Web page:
Dubai | India has been confirmed as host for the 2016 Twenty20 World Cup, scheduled to be held from March 11 to April 3, the ICC announced after ratifying its decision in the Board meeting here today.
Holding its first meeting of the year at the ICC headquarters, which was chaired by N Srinivasan and presided by Mustafa Kamal in the presence of all the full-member and associate representatives, the board took some major decisions issued quite a few directives to the cricket world.
The apex cricket body approved the dates for its main events through to 2019, following its Board meeting yesterday. Though the tournaments were awarded to the countries in 2013, the dates were approved during this two-day meeting.
The board also approved the dates for the 2017 Champions Trophy in England which will be held between June 1-19. England will also host the 50-over World Cup in 2019 from May 30 to June 15.
The 2017 Women’s World Cup will be held in England between Aug 4-27, the 2018 Women’s World Twenty20 will be organised in the West Indies between Nov 2-25.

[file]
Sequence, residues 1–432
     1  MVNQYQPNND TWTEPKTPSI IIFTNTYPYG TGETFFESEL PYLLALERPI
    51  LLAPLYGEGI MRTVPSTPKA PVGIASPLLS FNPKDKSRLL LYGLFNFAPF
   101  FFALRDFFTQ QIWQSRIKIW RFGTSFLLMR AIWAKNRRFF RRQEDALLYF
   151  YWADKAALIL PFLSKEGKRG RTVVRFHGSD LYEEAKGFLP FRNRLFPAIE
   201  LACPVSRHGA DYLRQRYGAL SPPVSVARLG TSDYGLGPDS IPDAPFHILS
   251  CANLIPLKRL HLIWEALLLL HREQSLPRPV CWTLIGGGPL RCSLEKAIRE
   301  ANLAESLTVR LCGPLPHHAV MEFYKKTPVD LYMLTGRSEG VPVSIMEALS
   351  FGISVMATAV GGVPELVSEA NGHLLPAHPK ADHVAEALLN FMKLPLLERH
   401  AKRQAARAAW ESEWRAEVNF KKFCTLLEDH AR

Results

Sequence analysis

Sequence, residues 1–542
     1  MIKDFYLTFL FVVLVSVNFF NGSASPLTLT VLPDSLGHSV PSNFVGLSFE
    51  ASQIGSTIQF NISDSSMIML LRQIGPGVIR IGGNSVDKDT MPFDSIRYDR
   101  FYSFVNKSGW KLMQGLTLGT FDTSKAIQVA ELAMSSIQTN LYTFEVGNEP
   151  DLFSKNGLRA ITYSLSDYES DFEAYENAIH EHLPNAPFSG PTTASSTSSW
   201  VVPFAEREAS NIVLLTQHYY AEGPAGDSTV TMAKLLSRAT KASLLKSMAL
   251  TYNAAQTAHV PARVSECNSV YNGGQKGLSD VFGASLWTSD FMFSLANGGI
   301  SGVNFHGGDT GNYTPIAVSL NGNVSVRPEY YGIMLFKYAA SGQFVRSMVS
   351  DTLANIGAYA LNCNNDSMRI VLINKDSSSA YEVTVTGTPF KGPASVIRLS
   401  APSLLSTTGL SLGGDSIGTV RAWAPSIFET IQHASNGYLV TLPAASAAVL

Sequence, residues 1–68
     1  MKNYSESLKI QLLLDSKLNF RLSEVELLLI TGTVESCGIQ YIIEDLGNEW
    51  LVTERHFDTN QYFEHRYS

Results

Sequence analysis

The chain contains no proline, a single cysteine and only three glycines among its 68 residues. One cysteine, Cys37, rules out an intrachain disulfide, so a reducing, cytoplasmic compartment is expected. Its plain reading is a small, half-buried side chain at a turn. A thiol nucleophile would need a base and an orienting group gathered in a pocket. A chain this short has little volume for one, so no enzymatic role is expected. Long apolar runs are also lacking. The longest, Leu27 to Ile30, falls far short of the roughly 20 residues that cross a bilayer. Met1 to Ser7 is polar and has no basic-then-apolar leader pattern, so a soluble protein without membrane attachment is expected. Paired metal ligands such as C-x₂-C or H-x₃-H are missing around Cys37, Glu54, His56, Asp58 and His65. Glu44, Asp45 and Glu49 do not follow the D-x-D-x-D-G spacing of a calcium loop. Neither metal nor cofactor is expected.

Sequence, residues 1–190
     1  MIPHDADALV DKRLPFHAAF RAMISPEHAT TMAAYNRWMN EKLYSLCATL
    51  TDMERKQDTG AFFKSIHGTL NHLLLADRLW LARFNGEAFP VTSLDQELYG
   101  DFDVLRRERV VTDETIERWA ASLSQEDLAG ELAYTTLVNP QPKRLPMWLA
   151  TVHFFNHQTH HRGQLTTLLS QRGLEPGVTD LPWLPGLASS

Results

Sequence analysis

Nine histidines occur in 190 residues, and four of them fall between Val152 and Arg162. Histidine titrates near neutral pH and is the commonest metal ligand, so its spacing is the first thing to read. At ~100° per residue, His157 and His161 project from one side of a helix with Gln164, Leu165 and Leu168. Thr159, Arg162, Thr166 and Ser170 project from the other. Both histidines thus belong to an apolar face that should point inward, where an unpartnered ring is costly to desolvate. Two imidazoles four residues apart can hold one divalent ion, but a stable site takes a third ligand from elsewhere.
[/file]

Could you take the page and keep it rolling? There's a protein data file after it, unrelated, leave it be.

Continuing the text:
Replicating the arrangements of the last edition of the cricket World Cup in 2011, the ICC Board reinstated the use of a ‘Super Over’ in the event of a tie in the final of the 50-over showpiece event.
The board also approved a change to the application of ICC Code of Conduct offences relating to slow over-rates in ICC events. Now the captains will not carry any prior minor over-rate offence ‘strikes’ or over-rate suspensions from other series into an ICC event.
This approval means that all captains will enter this edition with no over-rate ‘strikes’ against their names, and they will only be suspended from playing in World Cup match if over-rate offences are committed during the event.
Any over-rate offence incurred prior to the mega-event will be carried forward to the first bilateral series after the tournament in Australia and New Zealand.
The board also reiterated its support for the umpires clamping down on poor player behaviour, particularly leading into and during the 11th edition of the 50-over World Cup.
The Board considered issues around player safety following the tragic death of Australia batsman Phillip Hughes during a first-class match, and was briefed on the ICC-supported research project to improve the safety of cricket helmets.
The freak accident in November last year has recently resulted in a new British Safety Standard being introduced.
It was noted that helmet manufacturers have now introduced a number of new helmet models that comply with the updated British Standard, and that an increasing number of international players have been choosing to wear the helmet models that comply with this new safety standard.
The world governing body also received an update on the World Cup and approved the dates of the ICC events through to 2019.